The finned tubes in the banks 3 are arranged in rows, and it will be appreciated that the rows of tubes, represented by lines 3a, nearer the air inlet, will have somewhat cooler air passing over them than the rows of tubes, represented by line 3b, nearer the outlet. Air is blown over the banks of tubes by means of a fan indicated at 18. It will be seen that the less compressed vapour from the thermo-compressor 14 is passed through the rows of tubes 3a, whereas the more compressed vapour from the thermo-compressor 16 is passed over the tubes 3b.
The condensate is passed to outlet headers 19 of the tube banks and thence to hot wells. The outlet headers are also shown as divided by partitions 20.
It will be appreciated that although only a single line 3a or 3b is shown in each tube bank, this may represent two or more rows of tubes.
In a further alternative arrangement, each condensation stage may in fact constitute a complete bank of tubes with an individual header rather than having a divided header. Also, the splitting of flows as between two banks of tubes arranged in an A-formation is not always necessary.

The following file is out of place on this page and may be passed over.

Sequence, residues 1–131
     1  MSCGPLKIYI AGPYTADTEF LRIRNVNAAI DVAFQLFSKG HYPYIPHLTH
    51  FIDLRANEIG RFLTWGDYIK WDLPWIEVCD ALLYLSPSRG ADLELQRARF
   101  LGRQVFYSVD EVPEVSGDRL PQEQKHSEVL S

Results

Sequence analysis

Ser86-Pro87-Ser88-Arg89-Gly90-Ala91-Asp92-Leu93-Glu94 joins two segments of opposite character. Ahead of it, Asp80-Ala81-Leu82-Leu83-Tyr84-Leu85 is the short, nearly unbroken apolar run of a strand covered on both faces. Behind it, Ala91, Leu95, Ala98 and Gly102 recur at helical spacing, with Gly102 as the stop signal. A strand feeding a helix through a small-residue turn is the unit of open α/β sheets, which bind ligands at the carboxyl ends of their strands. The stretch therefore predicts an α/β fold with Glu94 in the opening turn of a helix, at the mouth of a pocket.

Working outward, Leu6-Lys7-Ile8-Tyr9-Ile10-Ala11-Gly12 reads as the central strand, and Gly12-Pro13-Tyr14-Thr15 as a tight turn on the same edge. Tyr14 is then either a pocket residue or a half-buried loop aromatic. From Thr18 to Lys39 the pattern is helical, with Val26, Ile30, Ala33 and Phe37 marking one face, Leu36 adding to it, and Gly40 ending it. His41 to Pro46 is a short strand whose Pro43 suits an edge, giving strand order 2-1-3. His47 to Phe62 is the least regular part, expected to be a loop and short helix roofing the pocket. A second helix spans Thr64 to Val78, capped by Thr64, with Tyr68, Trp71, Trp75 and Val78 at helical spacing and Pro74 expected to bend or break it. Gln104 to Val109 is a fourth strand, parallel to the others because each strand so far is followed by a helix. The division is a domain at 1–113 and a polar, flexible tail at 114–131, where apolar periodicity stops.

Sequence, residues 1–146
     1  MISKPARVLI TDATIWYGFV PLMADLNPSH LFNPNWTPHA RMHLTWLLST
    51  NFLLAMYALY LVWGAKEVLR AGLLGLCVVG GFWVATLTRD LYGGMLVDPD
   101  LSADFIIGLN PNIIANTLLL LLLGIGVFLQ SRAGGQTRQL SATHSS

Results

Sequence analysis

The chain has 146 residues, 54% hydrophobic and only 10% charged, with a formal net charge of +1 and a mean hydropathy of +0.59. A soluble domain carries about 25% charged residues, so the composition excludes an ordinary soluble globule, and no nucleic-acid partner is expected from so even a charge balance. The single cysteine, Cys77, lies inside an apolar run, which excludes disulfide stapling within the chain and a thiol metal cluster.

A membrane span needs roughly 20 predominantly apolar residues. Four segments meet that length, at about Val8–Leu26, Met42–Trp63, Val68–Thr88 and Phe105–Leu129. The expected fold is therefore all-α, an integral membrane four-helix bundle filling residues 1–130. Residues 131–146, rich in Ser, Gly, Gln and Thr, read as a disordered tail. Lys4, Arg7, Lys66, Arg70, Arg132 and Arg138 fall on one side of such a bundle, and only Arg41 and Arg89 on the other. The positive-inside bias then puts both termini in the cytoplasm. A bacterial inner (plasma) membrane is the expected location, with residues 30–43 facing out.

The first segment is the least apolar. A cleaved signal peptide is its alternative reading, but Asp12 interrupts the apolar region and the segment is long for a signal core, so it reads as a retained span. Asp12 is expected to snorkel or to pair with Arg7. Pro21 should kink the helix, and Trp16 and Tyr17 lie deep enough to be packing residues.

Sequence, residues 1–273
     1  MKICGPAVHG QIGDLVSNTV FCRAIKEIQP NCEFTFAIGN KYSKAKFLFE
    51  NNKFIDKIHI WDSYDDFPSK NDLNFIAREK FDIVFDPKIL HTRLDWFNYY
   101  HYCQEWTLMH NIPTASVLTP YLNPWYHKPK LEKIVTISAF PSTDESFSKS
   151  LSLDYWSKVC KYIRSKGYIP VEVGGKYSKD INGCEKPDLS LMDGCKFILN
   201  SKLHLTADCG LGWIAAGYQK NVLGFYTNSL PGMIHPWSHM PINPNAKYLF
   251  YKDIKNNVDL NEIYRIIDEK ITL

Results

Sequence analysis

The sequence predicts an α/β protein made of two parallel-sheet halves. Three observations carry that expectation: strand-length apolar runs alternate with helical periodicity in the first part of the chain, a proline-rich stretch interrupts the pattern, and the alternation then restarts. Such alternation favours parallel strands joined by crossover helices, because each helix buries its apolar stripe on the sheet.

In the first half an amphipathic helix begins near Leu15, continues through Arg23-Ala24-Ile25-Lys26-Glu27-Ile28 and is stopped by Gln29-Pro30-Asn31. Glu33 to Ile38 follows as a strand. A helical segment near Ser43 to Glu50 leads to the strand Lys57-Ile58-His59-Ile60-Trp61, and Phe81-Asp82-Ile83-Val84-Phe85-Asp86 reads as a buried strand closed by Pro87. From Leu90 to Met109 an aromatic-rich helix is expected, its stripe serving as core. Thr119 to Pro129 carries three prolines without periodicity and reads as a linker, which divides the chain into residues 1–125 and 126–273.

Further it will be appreciated that while the invention has been shown as a 2-stage chiller followed 2-stage condensation, more than two stages of chilling may be used and the number of condensation stages need not necessarily be in one-to-one relationship with the number of chilling stages.
Also, a single stage chiller could have the vapour drawn from it by two thermocompressors giving rise to different stages of compression, and the two streams fed separately to the condensing air cooled heat exchanger.
As an example of the temperatures and pressures involved in a fairly typical vacuum chilling plant, the incoming water in line 8 may be at 85° F. (29.4° C.). The first stage chilling chamber may be at a pressure of 0.506 psi (3490 N/M2) so that the water is chilled to approximately 80° F. (26.7° C.). The second stage chiller 7 may be at a pressure of 0.43 psi (2966 N/M2) and the water may finally emerge at the line 13 at a temperature of 75° F. (23.9° C.). The air at the inlet to the heat exchangers 3 may be at a temperature of 87° F. (30.5° C.) and the air leaving the heat exchangers may be at a temperature of 104° F. (40° C.). The thermo-compressor 14 may compress the vapour to a pressure of 1.275 psi (8793 N/M2) so that this vapour enters the exchangers at 110° F. (43.3° C.) and the thermo-compressor 16 may compress its vapour to 1.471 psi (10144 N/M2) and this vapour would enter the header 4 at a temperature of 115° F. (46° C.).
Various modifications may be made within the scope of the invention.